States Turn Blind Eye as Fracking Industry Routinely Violates Laws
By Amy Mall
A scathing new investigation from EnergyWire confirms the worst fears of citizens across the country who live near fracking sites: state regulators are not doing everything they can to prevent oil and gas companies from repeatedly violating the law. EnergyWire spent months analyzing state records.
While the extensive investigation uncovers numerous violations, below are some of the most appalling findings:
Texas: In the last fiscal year there were 55,000 violations. If that weren't shocking enough, the state only sought enforcement for two percent of them.
Pennsylvania: In 2012, state regulators levied fines for only 13 percent of violations.
Wyoming: In 2012 there were 204 recorded oil and gas spills but only ten producers were fined. EnergyWire highlights a 2012 blow-out, where chemicals were spewed into the air near homes for three days with reported impacts to human health and the environment, but the operator was not fined one penny. One organic farmer reported that the air was so polluted that she couldn't see the barn from 200 feet away, there was a petroleum sheen in the water in their stock tank, and one of her daughters had nosebleeds for 29 straight days.
New Mexico: EnergyWire reports that regulators haven't issued one fine since 2009, when a judge ruled that the state doesn't have the authority to do so.
As EnergyWire summarized: many mishaps, few fines.
Local communities across the country are rightfully working to protect their citizens with rules, moratoria and bans that go beyond state standards. Industry fights these efforts with money and litigation, but it's no surprise that local governments want to take action when oil and gas companies are repeat offenders. Pro-industry regulatory systems need to be reformed, with stiff penalties to encourage meaningful changes in business practices. We also need stronger federal laws and enforcement, not only change at the state level.
Visit EcoWatch’s FRACKING page for more related news on this topic.
By Brett Wilkins
One hundred seconds to midnight. That's how close humanity is to the apocalypse, and it's as close as the world has ever been, according to Wednesday's annual announcement from the Bulletin of the Atomic Scientists, a group that has been running its "Doomsday Clock" since the early years of the nuclear age in 1947.
EcoWatch Daily Newsletter
- Scientists Discover New Population of Endangered Blue Whales ... ›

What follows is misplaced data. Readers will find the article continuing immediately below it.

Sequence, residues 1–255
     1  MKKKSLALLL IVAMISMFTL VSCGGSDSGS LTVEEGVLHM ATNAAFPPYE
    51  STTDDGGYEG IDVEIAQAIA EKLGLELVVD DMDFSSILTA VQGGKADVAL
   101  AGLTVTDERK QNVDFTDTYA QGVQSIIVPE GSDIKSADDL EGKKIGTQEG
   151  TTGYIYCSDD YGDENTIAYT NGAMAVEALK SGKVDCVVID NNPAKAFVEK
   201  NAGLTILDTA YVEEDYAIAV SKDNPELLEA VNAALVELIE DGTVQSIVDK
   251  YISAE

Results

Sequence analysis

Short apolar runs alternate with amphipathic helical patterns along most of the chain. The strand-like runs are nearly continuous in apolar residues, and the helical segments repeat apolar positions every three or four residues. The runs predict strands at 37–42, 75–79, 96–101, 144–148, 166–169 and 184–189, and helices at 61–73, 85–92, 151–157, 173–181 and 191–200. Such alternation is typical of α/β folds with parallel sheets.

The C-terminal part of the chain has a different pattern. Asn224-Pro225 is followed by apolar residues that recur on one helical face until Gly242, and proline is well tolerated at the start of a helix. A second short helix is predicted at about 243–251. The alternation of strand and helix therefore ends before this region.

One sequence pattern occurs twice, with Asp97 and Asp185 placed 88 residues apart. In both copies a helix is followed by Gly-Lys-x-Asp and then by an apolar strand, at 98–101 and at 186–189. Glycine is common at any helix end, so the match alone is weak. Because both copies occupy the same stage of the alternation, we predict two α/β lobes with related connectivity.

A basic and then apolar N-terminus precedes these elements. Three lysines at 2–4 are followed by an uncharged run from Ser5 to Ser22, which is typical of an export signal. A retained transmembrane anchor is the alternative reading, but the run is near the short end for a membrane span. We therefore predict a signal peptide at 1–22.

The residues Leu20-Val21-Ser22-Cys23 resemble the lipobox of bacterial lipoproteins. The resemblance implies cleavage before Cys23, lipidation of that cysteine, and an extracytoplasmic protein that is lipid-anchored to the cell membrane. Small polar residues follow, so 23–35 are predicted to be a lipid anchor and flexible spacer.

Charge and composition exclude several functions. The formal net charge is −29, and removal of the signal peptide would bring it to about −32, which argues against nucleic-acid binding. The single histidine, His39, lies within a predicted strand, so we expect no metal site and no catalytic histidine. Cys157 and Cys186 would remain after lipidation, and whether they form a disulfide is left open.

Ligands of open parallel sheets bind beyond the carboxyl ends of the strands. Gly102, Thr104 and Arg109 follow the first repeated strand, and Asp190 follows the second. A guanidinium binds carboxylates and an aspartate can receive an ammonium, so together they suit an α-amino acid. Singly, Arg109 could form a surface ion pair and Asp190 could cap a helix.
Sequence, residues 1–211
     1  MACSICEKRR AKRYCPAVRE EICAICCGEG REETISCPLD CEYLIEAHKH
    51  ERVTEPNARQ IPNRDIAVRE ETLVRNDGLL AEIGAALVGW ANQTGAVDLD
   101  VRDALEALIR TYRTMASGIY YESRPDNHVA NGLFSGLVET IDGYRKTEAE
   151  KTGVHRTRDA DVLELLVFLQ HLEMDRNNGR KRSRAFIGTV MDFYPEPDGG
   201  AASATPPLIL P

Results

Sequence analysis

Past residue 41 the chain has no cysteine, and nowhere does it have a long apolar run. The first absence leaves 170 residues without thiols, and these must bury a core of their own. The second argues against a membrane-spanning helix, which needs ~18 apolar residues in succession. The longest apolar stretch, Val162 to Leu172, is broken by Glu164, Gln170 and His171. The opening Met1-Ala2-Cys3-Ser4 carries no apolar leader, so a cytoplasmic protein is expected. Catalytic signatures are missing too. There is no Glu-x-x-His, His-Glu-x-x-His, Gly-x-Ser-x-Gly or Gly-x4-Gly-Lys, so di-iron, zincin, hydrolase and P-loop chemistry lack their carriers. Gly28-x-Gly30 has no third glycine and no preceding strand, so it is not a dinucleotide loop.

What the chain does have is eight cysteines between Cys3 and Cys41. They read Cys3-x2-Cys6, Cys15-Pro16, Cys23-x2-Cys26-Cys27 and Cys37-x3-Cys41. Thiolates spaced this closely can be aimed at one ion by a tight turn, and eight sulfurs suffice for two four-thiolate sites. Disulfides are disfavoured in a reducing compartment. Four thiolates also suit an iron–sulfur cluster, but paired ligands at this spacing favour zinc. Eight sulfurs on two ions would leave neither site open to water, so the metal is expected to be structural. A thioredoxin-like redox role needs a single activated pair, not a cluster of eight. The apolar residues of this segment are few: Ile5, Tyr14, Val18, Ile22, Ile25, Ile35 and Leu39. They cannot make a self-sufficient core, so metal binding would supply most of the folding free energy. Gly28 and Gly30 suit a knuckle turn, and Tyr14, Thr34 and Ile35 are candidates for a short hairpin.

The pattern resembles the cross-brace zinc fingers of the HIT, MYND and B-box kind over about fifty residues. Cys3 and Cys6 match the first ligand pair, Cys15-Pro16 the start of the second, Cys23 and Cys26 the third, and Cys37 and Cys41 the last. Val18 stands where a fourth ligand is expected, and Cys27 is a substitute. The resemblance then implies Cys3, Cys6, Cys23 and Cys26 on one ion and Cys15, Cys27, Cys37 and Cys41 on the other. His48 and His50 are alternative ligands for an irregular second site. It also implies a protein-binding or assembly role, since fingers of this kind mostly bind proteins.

- Endangered Blue Whales Make 'Unprecedented' Comeback to ... ›
- Endangered North Atlantic Right Whale Calves Spotted Off Coast ... ›
- Only 366 Endangered Right Whales Are Alive: New NOAA Report ... ›
By Yoram Vodovotz and Michael Parkinson
The majority of Americans are stressed, sleep-deprived and overweight and suffer from largely preventable lifestyle diseases such as heart disease, cancer, stroke and diabetes. Being overweight or obese contributes to the 50% of adults who suffer high blood pressure, 10% with diabetes and additional 35% with pre-diabetes. And the costs are unaffordable and growing. About 90% of the nearly $4 trillion Americans spend annually for health care in the U.S. is for chronic diseases and mental health conditions. But there are new lifestyle "medicines" that are free that doctors could be prescribing for all their patients.
Taking an unconventional approach to conduct the largest-ever poll on climate change, the United Nations' Development Program and the University of Oxford surveyed 1.2 million people across 50 countries from October to December of 2020 through ads distributed in mobile gaming apps.
- Guardian/Vice Poll Finds Most 2020 Voters Favor Climate Action ... ›
- Climate Change Seen as Top Threat in Global Survey - EcoWatch ›
- The U.S. Has More Climate Deniers Than Any Other Wealthy Nation ... ›
By Tara Lohan
Fall used to be the time when millions of monarch butterflies in North America would journey upwards of 2,000 miles to warmer winter habitat.
A monarch butterfly caterpillar feeds on common milkweed on Poplar Island in Maryland. Photo: Will Parson/Chesapeake Bay Program, (CC BY-NC 2.0)